September 29, 2010
IN AN often quoted piece, Is Google making us stupid?, published in The Atlantic two years ago, former Harvard Business Review editor Nicholas Carr made the provocative argument that the ease of online searching and browsing affected our ability to concentrate.
Carr wrote: ”My mind isn’t going – so far as I can tell – but it’s changing. I’m not thinking the way I used to think. I can feel it most strongly when I’m reading. Immersing myself in a book or a lengthy article used to be easy. My mind would get caught up in the narrative or the turns of the argument, and I’d spend hours strolling through long stretches of prose. That’s rarely the case any more.”
In his Rough Type blog, Carr said the internet had inverted Edgar’s line from King Lear: ”Ripeness is All”. ”The Bard did not anticipate the real-time web,” he wrote. ”On the New Net, ripeness is nothing. Nowness is all … Nothing is left to ripen. History gets lost in the chatter.”
True, debates about technology’s impact are not new. Socrates argued that putting thoughts on paper would substitute for memory; and in the 17th century, writers were bemoaning the confusion of having so many books on the market. But the internet’s ubiquitousness makes Carr’s argument more striking.
Carr expands the argument in his latest book, The Shallows (Atlantic, 2010). Carr, a freelance journalist, author and prolific blogger jacked into various RSS feeds, is no Luddite. With prisoners in New South Wales’s SuperMax prison now using Facebook to keep in touch with the outside world, including fellow gang members and using it to request contact with women, Carr is making us pause before we proclaim the internet as a force for progress and productivity. The internet, he suggests, may have us surfing our way to stupidity.
Carr argues that the internet is actually rewiring our brains, changing our approach to reading, ideas and concentrated work even when we are away from the computer. ”Whether I’m online or not, my mind now expects to take in information the way the net distributes it: in a swiftly moving stream of particles. Once I was a scuba diver in the sea of words. Now I zip along the surface like a guy on a jet-ski,” Carr writes. ”What we are experiencing is, in a metaphorical sense, a reversal of the early trajectory of civilisation; we are evolving from being cultivators of personal knowledge to being hunters and gatherers in the electronic data forest.”
Carr takes us through mountains of academic and consulting research to support his point. One study that examined the reading habits of 6000 young people who grew up with the internet found that they did not read a page from left to right, or from top to bottom, but instead skipped around, scanning for bits of pertinent information.
In effect what we are doing, he says, is outsourcing memory function and thought to Google and email. That is even more so with Google Instant, a creepy feature that in effect reads your mind by searching results as you type. The problem is the brain’s plasticity. Carr quotes neuroscientist Michael Merzenich who says that the daily use of computers, smartphones, search engines and other such tools ”stimulates brain cell alternation and neurotransmitter release, gradually strengthening new neural pathways in our brains while weakening old ones”.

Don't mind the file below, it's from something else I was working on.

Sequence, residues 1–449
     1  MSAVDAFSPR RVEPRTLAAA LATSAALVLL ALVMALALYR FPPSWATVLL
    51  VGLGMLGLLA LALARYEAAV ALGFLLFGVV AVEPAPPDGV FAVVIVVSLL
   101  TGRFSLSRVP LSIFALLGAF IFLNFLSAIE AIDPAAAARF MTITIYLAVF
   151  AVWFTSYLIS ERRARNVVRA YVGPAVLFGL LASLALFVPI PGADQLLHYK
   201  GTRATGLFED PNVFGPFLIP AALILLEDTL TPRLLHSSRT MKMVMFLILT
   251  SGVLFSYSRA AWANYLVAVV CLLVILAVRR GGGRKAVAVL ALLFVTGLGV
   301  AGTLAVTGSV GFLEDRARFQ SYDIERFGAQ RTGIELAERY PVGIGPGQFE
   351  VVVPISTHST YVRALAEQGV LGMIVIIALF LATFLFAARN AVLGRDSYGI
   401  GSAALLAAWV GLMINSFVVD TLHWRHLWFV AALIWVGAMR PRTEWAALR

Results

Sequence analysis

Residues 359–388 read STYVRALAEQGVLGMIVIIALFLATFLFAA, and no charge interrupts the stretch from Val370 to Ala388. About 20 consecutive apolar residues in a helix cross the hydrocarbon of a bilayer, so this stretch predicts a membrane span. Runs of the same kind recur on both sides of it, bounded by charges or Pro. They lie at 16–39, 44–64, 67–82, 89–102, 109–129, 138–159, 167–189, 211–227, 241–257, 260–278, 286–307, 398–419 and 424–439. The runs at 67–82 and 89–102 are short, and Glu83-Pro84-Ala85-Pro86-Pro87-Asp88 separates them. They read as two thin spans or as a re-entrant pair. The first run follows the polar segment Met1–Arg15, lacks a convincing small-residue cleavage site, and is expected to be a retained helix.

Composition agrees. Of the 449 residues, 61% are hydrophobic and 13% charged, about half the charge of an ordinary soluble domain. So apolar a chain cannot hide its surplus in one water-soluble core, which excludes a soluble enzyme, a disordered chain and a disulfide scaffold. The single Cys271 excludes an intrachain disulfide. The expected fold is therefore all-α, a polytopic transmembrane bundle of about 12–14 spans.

He also cites studies showing that when people search the net, they exhibit different patterns of brain activity than they do when they read a book. Printed book readers have activity in brain regions associated with language, memory and visual processing. Experienced net users display activity in regions associated with decision making and problem solving. That explains why deep reading and sustained concentration become difficult online and why many say they now have difficulty reading books.
Still, his criticisms need to be put in context. The internet has created a revolution in work, society and politics. Business cannot survive without it. Protesters in Iran last year used Twitter; and it is estimated that China has 200 million blogs, despite the censorship.
However, Carr makes us reflect on the unexpected impact the net may be having on society. He cites claims by the US National Institute of Neurological Disorders and Stroke that web-driven multitasking makes us ”more likely to rely on conventional ideas and solutions rather than challenging them with original lines of thought”.
The greatest irony of all would be if the internet, which is supposed to create networked individualism, actually encouraged groupthink.
And yet, the beauty of the internet is that information is available to everyone.
Besides, Carr’s enormous bibliography and list of references suggest he may be one very skilled Googler.
Source: The Age
How our minds have changed
Computers are changing the way we think. READ ON
A social media blackout. READ ON
Why the revolution will not be tweeted. READ ON
Master the art of disconnecting – some of the time, at
least. READ ON